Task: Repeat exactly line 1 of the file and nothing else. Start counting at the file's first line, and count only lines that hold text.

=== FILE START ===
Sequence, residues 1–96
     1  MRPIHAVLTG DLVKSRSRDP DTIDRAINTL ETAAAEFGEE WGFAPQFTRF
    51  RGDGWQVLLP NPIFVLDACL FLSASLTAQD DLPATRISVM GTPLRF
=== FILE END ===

Sequence, residues 1–96